The next morning three of them — Saddam, Billal, and Mirajul — were found brutally bloodied with Saddam dead.
Saddam’s younger brother, Anwarul Hussain, said that when the Dharamtul police arrived to rescue them, they were not allowed to go near the three friends. “In fact, they tortured them in front of the police.”
According to Morigaon Superintendent of Police Hemanta Kumar Das, 18 people have been arrested in this case.
‘They Peed on Him’: Muslim Lynching Victim’s Kin
Anwarul described the lynching as communally motivated, claiming that no cow was found with them. He said that the atmosphere has been tense since the incident, to the point that they are too afraid to commute through the village.
Saddam is now survived by his wife Asmina Khatun and his two children — Ashiqul Islam, 6, and Sania Sultana, 2.
“Before he breathed his last, he wanted them to give him some water,” Asmina told Two Circles as she tears up, “But they peed on him instead.”
This was the second lynching in Morigaon after the Kasamari lynching of two Bengali Muslim men in 2017. The area has always been communally charged as it saw a massacre of Bengali Muslims by Assamese nationalists in 1983, infamously known as the Nellie Massacre, where, as per the official record, around 2000 people were killed.
A Spurt in Mob Lynchings of Minorities in Assam
Assam has seen a sudden spurt of mob lynchings that all follow the same design and pattern. On the same day that Saddam was lynched, a Christian man in Assam’s Goalpara was killed on suspicion of being a thief. In the month of August alone, four incidents of mob lynching occurred, including the killing of Hifzur Rahman.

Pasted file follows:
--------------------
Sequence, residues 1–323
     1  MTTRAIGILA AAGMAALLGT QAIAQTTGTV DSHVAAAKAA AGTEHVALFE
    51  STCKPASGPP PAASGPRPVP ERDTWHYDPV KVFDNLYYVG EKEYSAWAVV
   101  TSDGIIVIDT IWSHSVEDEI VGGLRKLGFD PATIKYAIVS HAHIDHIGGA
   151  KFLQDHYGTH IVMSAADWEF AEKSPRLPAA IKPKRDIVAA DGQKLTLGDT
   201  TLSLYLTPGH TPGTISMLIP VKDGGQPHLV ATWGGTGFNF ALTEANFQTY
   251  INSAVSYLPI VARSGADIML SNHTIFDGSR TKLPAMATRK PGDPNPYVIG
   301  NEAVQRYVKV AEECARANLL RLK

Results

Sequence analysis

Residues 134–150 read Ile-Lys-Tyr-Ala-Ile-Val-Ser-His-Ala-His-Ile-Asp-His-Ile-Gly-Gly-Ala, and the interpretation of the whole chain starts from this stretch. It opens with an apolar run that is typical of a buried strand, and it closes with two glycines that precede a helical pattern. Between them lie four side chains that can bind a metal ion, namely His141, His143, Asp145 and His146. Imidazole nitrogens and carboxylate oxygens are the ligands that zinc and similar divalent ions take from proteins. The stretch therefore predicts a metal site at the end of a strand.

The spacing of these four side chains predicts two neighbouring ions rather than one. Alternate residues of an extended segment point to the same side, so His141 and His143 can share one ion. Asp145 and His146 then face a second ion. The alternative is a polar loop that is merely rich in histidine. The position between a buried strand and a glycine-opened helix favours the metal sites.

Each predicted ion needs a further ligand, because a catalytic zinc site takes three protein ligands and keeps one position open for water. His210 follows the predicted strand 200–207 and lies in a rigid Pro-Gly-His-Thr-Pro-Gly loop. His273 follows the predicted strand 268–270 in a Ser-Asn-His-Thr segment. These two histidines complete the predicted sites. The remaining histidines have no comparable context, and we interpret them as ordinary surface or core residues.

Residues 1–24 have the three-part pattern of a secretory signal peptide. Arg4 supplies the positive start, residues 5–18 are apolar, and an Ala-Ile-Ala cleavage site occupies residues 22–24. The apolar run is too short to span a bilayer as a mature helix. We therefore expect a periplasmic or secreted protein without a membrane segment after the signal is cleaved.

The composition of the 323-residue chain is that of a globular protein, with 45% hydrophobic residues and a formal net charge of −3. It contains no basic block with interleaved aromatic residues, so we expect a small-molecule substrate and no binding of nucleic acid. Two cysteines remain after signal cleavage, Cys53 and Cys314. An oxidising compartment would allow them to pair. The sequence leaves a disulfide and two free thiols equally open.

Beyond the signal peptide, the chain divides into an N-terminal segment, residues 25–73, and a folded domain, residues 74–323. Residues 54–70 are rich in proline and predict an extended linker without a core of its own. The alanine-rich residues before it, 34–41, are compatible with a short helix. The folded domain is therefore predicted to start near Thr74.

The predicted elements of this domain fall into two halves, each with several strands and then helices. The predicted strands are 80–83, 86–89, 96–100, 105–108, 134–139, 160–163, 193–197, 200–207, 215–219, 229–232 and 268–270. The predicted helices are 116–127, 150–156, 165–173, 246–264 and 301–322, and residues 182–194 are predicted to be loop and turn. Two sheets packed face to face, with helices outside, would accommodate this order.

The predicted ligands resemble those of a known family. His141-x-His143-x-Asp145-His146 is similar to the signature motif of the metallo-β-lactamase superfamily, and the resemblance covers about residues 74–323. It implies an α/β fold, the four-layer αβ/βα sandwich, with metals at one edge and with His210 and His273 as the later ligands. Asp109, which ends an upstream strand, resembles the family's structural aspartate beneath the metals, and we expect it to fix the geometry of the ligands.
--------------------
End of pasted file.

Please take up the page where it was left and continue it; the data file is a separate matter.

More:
These cases have sounded the alarm for Assamese rights groups and concern the state’s Muslim minority, particularly ethnic Bengali Muslims, who frequently face persecution from the state and other rightwing groups in its long-running crusade to weed out “illegal immigrants” — a term synonymous with Bengali Muslims — in order to protect the interests of the indigenous Assamese population.
Activists Blame Police Inaction for Rising Lynchings in Assam
Commenting on the lynchings, Director General of Police G P Singh told The Indian Express that the police have been instructed to take action as per law in such cases irrespective of caste, creed, and religion. “I’ve given instructions on social media platforms as well so that the public has confidence that police leadership does not condone such activities and take lawful action in all such cases,” he said.
However, Gauhati High Court Advocate Imtiyaz Ahmed, who is also the secretary of the All Assam Minority Student Union (AAMSU), blamed the current spate of mob lynchings on the police force’s inaction.
For the families of Hifzur and Saddam, their prayer is that justice will be served. “I want justice and nothing else,” Zaida sobbed from behind the curtain at her home.
Arshad Ahmed is an independent reporter based in Assam, India.